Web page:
How to Update Drupal 8 on Ubuntu 18.04
Traducciones al EspañolEstamos traduciendo nuestros guías y tutoriales al Español. Es posible que usted esté viendo una traducción generada automáticamente. Estamos trabajando con traductores profesionales para verificar las traducciones de nuestro sitio web. Este proyecto es un trabajo en curso.
Drupal 8 is the latest version of the popular Drupal content management system. While Drupal 8.1 includes a simple feature for incremental updates, you must preform manual Drupal core updates for any preceding versions. This guide demonstrates how to manually install an incremental Drupal 8 update on your Linode. The examples in this guide assume you have a functional Drupal 8 installation running a LAMP stack on Ubuntu 18.04.
NoteIf you are not using Ubuntu 18.04, you can find a version of this guide for your Linux distribution in the Drupal section of our documentation site.
Before You Begin
Complete all the steps in the Install and Configure Drupal 8 on Ubuntu 18.04 guide.
If you followed the Install and Configure Drupal 8 on Ubuntu 18.04 guide, your site’s document root should be in the
example.comis your own site’s domain name. You can list all your directories in
/var/www/htmlto verify the location of your site’s document root.
Update your Ubuntu 18.04 system if you did not complete that step while installing Drupal 8.
sudo apt-get update && sudo apt-get upgrade
This guide is written for a non-root user. Commands that require elevated privileges are prefixed with
sudo. If you’re not familiar with the
sudocommand, visit our Users and Groups guide.
All configuration files should be edited with elevated privileges. Remember to include
sudobefore running your text editor.
In this section, you will create an archive of your Drupal site’s files and store the archive in a
backups directory. If needed, you could extract the compressed files in your backup archive to restore the state of your site prior to updating it.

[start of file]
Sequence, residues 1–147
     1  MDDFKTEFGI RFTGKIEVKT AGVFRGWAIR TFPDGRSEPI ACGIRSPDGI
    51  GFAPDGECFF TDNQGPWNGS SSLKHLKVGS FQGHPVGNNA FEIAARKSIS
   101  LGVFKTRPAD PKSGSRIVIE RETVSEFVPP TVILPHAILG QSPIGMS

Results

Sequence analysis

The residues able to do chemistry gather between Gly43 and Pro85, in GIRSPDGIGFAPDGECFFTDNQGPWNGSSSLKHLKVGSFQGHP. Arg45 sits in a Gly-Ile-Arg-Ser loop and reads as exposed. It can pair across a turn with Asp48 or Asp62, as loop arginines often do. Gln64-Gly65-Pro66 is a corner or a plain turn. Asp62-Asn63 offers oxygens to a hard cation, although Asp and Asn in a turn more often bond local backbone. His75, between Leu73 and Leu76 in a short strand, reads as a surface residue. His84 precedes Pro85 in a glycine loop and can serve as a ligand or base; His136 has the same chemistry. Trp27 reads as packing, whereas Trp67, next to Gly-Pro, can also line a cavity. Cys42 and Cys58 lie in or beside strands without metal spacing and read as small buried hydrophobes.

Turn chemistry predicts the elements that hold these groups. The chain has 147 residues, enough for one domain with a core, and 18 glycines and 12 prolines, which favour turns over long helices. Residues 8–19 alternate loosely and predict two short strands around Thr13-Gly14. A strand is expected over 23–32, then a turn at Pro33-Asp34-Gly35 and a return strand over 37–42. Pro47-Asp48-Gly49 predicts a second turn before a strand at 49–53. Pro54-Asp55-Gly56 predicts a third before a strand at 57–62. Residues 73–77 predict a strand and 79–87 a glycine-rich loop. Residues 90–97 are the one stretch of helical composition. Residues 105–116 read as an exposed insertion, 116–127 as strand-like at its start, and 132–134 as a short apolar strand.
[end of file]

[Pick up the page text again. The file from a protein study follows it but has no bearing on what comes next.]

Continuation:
backupsdirectory in your site’s document root to store any backups you make of your Drupal site.
sudo mkdir /var/www/html/example.com/backups
Create an archive of your existing site files and move it into the
backupsdirectory. Ensure you replace
example.comwith your own site’s domain name.
cd /var/www/html/example.com/public_html sudo tar -cvzf example.com-BCKP-$(date +%Y%m%d).tar.gz ./ sudo mv -v example.com-BCKP-*.tar.gz ../backups
NoteThis process can also be scripted and run on a regular basis using cron .
You are now ready to check your Drupal system for available updates. Once you have identified the necessary updates, you will download them as an archive to your Linode.
Log in to your Drupal site and navigate to the Admin Toolbar . Click on Reports and then on Available updates.
Right click the link under the RECOMMENDED VERSION heading and copy the link address and paste it somewhere you can access later.
NoteIf you receive an error when your Drupal 8 installation checks for available updates, it may be having issues communicating with the Drupal website to see if there are updates. You can check your site’s recent log messages, by navigating to Reports and selecting Recent log messages to further investigate the issue.